Jump to content

Cubs go with Quade not Sandberg as manager


Recommended Posts

CHICAGO -- The Chicago Cubs removed the interim tag from Mike Quade and named him the manager with a two-year deal and a club option for 2013, the team announced Tuesday.

Quade, 53, arrived in Chicago on Monday to finalize the deal, and the Cubs will hold a press conference at 3 p.m. CT to announce it.

Quade took over for the retired Lou Piniella on Aug. 23 and guided the Cubs to a 24-13 record down the stretch. That was the second best mark in baseball over that period.

"It's awesome, they couldn't have made a better hire," Cubs pitcher Ryan Dempster said Tuesday on "The Waddle & Silvy Show" on ESPN 1000. "He's a great pick to manage this team.

"He did a great job when he was given the opportunity. It's a great move for the organization and for us as a team. I'm extremely thrilled that he got the opportunity here, because if it wasn't going to be here, it was going to be somewhere else."

The long-time minor league manager was considered a finalist for the job with Triple-A Iowa manager and Cubs' Hall of Fame second baseman Ryne Sandberg.

"From my standpoint, I'd be lying if I said I wasn't disappointed," Sandberg said on "The Waddle & Silvy Show." "It's a disappointing day for sure."

Sandberg said he's uncertain about his future with the Cubs on any level.

"I think now it's digesting everything and kind of change the wheels and turn in a different direction," he said. "I was focused on something, and it's just taking it all in.

"I spent the four years in the minor leagues to manage at the major league level, and that's where my heart is and that's what my next step is. That's where I look next. So I'll take it a step at a time and see if there's another opportunity out there and go from there. I wish Mike Quade the best; I wish the Cubs the best and the Ricketts family."

Some Cubs fans will be disappointed Sandberg didn't get the job, but Dempster wonders if part of that is the fans' love for Sandberg's legacy as a player.

"I know that Ryno has done a really good job in the minor leagues so far," Dempster said. "He's only got a few years managing down there, and he's done really well. I'm sure the more experience he gets, the better he's going to be. He was a tremendous player and is a tremendous person, and that experience is only going to make him better.

"I know people would love to see [sandberg] back in a Cubs uniform and at Wrigley Field every day, and maybe that's as much the infatuation as it is with who's going to make the best manager. And I'm not saying Ryno won't be a great manager, I just know Mike is a tremendous one and we're lucky to have him."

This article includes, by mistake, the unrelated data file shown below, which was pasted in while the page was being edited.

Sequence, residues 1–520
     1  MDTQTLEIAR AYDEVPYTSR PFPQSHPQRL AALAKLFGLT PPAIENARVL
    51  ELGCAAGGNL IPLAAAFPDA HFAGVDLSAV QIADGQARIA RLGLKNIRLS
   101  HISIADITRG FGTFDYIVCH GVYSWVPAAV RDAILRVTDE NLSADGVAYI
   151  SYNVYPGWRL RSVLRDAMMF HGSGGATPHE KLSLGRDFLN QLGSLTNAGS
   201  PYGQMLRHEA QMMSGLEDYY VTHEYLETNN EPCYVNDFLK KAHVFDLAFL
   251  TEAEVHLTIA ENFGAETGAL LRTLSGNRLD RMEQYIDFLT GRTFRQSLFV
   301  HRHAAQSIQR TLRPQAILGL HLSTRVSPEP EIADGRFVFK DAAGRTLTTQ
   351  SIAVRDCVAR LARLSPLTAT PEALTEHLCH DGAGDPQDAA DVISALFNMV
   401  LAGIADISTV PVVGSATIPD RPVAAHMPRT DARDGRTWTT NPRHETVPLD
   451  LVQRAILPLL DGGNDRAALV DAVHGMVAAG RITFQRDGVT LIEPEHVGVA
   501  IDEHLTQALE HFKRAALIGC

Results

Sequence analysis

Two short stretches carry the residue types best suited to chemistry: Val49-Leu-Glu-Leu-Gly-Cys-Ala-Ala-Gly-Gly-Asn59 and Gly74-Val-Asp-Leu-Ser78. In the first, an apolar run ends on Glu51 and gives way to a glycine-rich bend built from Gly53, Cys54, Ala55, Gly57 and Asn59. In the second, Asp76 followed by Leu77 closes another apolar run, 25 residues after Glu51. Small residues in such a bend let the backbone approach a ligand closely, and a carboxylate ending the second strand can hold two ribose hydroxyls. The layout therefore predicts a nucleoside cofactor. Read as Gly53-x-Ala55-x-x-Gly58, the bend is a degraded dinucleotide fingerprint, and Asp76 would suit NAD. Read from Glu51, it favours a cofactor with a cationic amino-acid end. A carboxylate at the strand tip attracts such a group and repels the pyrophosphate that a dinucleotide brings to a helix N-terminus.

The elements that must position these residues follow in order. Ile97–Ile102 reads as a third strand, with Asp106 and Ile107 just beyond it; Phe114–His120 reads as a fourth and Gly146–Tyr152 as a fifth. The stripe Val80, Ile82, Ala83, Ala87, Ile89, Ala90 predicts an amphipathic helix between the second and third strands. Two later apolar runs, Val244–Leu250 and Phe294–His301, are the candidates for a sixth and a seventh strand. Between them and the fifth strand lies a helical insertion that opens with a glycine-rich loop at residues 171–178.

Quade has been in the Cubs organization for nine seasons. He was Piniella's third base coach for nearly four years beginning in 2007, and he managed the Iowa Cubs from 2003-06.

"I got an opportunity to come in and do things the way I like," Quade said on Sept. 29. "And [general manager] Jim [Hendry] gave me free rein to take the shot and go do it. Nothing's gotten in the way of me being able to do that, and the results have been good.

"I'm proud of the job that we've done and the way that these guys have finished."

Quade earned the respect of players and management not only with his on-field success, but with his discipline of veterans and rookies alike.

"I don't think the size of somebody's contract or the size of somebody's ego or whether they're a rookie or have 15 years in the league is going to change the way he approaches somebody or talks to somebody," Dempster said. "He has a lot of great qualities."

The Cubs finished the season at 75-87, in next-to-last place in the NL Central and a far cry from what a team with a payroll of about $145 million to start the season had expected.

Saying he needed to be with his ailing mother back in Florida, Piniella stepped down Aug. 22 after the Cubs went into a 5-20 skid that left them at 51-74. He was in the final year of his deal and had put together three straight winning seasons, but could not get the Cubs out of their funk.

Besides Sandberg, there was speculation the Cubs might hire a former major league manager like Eric Wedge or Bob Melvin, or current Yankees skipper Joe Girardi.

Under Quade's leadership, the Cubs got a lift from promising rookies such as shortstop Starlin Castro, who hit .300, and outfielder Tyler Colvin. He hit 20 homers before he got struck in the chest by a broken bat in late September, ending his season.

Young pitchers Andrew Cashner and Casey Coleman showed promise, but the Cubs basically dropped out of contention right after the season started.

Derrek Lee and Aramis Ramirez, who was bothered by injuries, got off to slow starts. Lee, Ryan Theriot and Ted Lilly, who played big roles in winning division championships in 2007 and 2008, got traded.

Ramirez wound up hitting .241 with 25 homers and 83 RBIs. Alfonso Soriano struggled, finishing with 24 homers while batting .258, and Kosuke Fukudome hit .263.

Carlos Zambrano got sent to the bullpen in a surprise move early in the season and the volatile pitcher had another meltdown in June after returning to the rotation. He had to be separated from Lee in the dugout after giving up four runs in the first inning of a game against the White Sox and got suspended and sent to anger-management counseling.

When he was reinstated, he looked more like the ace of old, going 8-0 in his final 11 starts to finish 11-6.

Link to comment
Share on other sites

Join the conversation

You can post now and register later. If you have an account, sign in now to post with your account.

Reply to this topic...

×   Pasted as rich text.   Paste as plain text instead

  Only 75 emoji are allowed.

×   Your link has been automatically embedded.   Display as a link instead

×   Your previous content has been restored.   Clear editor

×   You cannot paste images directly. Upload or insert images from URL.

  • Create New...